Timaru mechanic lands retirement job after 50 years in the industry – Stuff

Murray Kitchen has made the decision to put down his tools and shut up shop but after 50 years is not ready to leave the motoring industry just yet.
The 65-year-old Timaru mechanic is set to close the doors of his Turnbull St business for the last time in March and will take up a job with the Motor Industry Training Organisation, mentoring apprentices.
The decision to semi-retire comes after Kitchen tried to sell his business, with no luck.
“There were a few inquiries but no takers,’’ Kitchen said.
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“It is such a shame, as it would have been a great starter business for a young mechanic. It is hard enough to get finance to purchase a house these days and even harder to buy a business unless you have good capital behind you.’’
Born in Timaru, his enthusiasm for tinkering under the bonnet came about as a young boy, working on his father’s vehicles.
“I would pull things to pieces and put them back together, and they would still go.’’
He began his apprenticeship at the age of 16 at Timaru Motors, a Ford agent.
It took four years on the job to become qualified and Kitchen knew from day one he had made the right choice.
“I knew it straight away.
“My job has been the love of my life.’’
Kitchen started his own business, in partnership, owning a Shell service station and attached workshop in 1985.
“I got put off from a job and went looking for a job, and a couple of guys asked if I wanted to buy their business.
“I went into partnership with a mate and after seven years he bought me out.’’
Armed with his Escort van, toolbox and knowledge, Kitchen set up Murray Kitchen’s Car Maintenance in 1993 and for the past 30 years has built up a client base of 500.
“It has been a mammoth task looking after the client base, with all the logistics of getting work into the workshop, arranging parts, carrying out the many duties required, getting vehicles out on time, and making sure my clients were happy with our workmanship.’’
In his time in the industry, Kitchen has also been a member of the MTA (Motor Trade Association), being a member of several subcommittees supporting the South Canterbury branch, elected to branch vice-president in 2008 – a position he held for two years.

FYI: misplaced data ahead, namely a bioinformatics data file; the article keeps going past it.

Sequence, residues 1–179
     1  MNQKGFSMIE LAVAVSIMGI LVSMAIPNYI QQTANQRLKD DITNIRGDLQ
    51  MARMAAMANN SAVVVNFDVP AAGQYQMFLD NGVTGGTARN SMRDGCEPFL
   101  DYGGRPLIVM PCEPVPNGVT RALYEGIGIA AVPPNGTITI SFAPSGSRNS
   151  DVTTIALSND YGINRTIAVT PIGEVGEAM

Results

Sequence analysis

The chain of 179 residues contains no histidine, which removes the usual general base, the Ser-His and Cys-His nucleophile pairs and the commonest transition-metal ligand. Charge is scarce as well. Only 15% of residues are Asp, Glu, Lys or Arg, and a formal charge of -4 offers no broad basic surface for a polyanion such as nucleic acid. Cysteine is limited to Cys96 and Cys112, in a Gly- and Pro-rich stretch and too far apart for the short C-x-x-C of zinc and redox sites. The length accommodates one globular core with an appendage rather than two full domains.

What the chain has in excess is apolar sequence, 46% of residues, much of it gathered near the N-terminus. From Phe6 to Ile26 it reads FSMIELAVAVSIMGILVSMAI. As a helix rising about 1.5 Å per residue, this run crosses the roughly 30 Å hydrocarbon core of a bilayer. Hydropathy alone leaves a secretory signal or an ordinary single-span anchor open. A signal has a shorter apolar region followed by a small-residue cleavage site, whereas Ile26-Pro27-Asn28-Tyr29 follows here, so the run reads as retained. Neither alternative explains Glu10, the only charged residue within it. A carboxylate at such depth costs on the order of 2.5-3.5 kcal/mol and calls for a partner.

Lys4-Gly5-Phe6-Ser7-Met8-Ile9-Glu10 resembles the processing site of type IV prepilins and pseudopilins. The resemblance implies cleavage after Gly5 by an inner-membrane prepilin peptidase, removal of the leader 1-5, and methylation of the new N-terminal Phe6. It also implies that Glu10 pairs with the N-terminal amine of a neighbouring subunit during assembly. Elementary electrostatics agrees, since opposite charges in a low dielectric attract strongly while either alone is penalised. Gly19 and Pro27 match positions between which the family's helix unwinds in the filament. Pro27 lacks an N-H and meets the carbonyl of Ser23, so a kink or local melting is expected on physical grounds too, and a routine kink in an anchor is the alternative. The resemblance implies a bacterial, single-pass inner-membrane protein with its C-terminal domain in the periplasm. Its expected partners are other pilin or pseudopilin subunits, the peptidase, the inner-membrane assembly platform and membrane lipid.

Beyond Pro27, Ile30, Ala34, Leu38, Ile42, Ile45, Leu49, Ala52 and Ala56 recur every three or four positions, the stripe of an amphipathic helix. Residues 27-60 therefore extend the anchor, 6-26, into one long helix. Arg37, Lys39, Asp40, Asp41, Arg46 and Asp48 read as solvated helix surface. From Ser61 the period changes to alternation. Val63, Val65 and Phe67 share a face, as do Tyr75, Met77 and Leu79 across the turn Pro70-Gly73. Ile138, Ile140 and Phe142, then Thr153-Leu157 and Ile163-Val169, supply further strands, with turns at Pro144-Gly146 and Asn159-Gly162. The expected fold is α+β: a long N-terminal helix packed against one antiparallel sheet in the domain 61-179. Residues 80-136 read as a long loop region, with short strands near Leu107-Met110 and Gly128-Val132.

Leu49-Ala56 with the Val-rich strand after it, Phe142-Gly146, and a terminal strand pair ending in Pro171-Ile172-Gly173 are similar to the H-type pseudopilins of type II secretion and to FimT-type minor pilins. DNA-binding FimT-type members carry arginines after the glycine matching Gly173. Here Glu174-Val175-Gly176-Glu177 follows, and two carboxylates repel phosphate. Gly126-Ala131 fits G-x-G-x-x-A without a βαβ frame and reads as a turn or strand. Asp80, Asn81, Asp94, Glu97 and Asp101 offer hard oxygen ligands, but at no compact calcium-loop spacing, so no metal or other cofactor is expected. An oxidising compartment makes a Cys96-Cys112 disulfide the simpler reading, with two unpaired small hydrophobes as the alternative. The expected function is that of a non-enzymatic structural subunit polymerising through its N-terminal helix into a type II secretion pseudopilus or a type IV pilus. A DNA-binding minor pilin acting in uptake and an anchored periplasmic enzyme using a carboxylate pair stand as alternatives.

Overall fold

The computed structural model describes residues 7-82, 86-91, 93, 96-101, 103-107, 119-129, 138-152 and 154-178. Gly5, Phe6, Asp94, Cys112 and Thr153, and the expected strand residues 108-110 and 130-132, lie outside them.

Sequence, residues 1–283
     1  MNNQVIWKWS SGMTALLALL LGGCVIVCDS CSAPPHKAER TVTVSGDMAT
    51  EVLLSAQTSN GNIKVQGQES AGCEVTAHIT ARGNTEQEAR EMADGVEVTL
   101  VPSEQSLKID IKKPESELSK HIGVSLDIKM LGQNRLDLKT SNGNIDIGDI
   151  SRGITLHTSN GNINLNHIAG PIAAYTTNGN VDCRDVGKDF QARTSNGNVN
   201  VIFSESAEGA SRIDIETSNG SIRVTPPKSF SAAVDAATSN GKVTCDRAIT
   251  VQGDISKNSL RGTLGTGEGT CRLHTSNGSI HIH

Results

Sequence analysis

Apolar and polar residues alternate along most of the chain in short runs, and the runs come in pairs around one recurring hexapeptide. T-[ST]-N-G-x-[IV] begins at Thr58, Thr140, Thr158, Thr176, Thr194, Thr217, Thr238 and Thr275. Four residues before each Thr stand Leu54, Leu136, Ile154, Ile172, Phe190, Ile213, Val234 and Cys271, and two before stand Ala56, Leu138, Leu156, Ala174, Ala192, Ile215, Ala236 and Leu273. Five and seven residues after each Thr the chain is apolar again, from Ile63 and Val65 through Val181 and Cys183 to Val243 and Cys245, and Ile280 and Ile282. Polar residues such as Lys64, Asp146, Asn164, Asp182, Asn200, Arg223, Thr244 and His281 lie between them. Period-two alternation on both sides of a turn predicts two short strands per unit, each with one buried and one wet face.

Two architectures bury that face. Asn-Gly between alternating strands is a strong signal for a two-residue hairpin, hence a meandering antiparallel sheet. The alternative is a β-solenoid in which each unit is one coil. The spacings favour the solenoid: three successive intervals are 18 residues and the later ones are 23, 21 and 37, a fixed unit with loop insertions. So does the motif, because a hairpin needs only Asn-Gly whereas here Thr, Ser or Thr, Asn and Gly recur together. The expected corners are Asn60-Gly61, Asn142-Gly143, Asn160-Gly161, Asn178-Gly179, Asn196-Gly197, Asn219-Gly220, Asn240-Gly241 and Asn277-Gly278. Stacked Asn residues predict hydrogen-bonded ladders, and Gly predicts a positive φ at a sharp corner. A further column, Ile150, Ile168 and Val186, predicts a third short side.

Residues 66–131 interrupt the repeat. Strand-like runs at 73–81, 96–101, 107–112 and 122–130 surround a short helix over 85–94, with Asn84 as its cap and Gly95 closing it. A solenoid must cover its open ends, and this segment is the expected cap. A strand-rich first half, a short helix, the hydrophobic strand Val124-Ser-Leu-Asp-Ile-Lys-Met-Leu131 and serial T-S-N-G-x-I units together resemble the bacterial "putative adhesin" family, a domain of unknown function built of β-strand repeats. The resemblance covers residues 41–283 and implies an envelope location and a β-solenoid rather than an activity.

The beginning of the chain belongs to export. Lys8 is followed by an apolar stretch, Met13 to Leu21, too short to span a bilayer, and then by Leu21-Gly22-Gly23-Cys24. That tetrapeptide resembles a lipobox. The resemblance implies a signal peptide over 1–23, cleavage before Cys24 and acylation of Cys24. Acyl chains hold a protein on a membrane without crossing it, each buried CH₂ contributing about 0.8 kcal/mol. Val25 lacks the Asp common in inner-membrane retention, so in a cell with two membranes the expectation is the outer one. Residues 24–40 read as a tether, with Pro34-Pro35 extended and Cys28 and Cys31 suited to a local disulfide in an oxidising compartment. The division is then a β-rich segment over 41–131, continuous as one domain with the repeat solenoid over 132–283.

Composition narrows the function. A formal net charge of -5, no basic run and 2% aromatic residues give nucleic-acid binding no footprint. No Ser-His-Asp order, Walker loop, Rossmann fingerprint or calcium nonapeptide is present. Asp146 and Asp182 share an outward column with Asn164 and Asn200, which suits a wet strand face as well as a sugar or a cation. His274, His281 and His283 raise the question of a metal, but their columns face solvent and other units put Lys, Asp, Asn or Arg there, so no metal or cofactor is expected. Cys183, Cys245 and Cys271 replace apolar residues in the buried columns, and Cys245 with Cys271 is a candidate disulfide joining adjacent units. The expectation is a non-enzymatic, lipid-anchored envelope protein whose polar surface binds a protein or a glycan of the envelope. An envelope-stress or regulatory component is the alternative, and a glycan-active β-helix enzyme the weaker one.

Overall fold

He was then elected to branch president for five years, stepping back over the past five years, to concentrate on being in business until retirement loomed.
Kitchen estimated that in his time in the industry he would have completed at least 80,000 warrants of fitness.
“If you think about it, with a list of 500 clients – I probably saw them twice a year, so that is 1000 cars a year, over 30 years – that gives you an insight.’’
There had been a “hell of a lot of changes’’ in the motor industry over the years and it had been “interesting to say the least’’, Kitchen said.
He said vehicles were much different when he started out in the industry and a lot more went into getting a warrant nowadays. However, they were also safer.
Kitchen said his 1984 Toyota was his dream car – he had owned it for 19 years.
Kitchen said that recently he had been dealing with several third generation clients.
“It has been absolutely awesome being in business for as long as I have and now I have announced my retirement, the accolades are rolling in thick and fast.
“It is very pleasing to know we have always done a great job.’’
He would also miss his clients who had visited with sweet treats – describing their home baking as “the best’’.
However, he would now have more time for golf, gardening and spending time with his wife.
Kitchen will close his business on March 25.
© 2022 Stuff Limited

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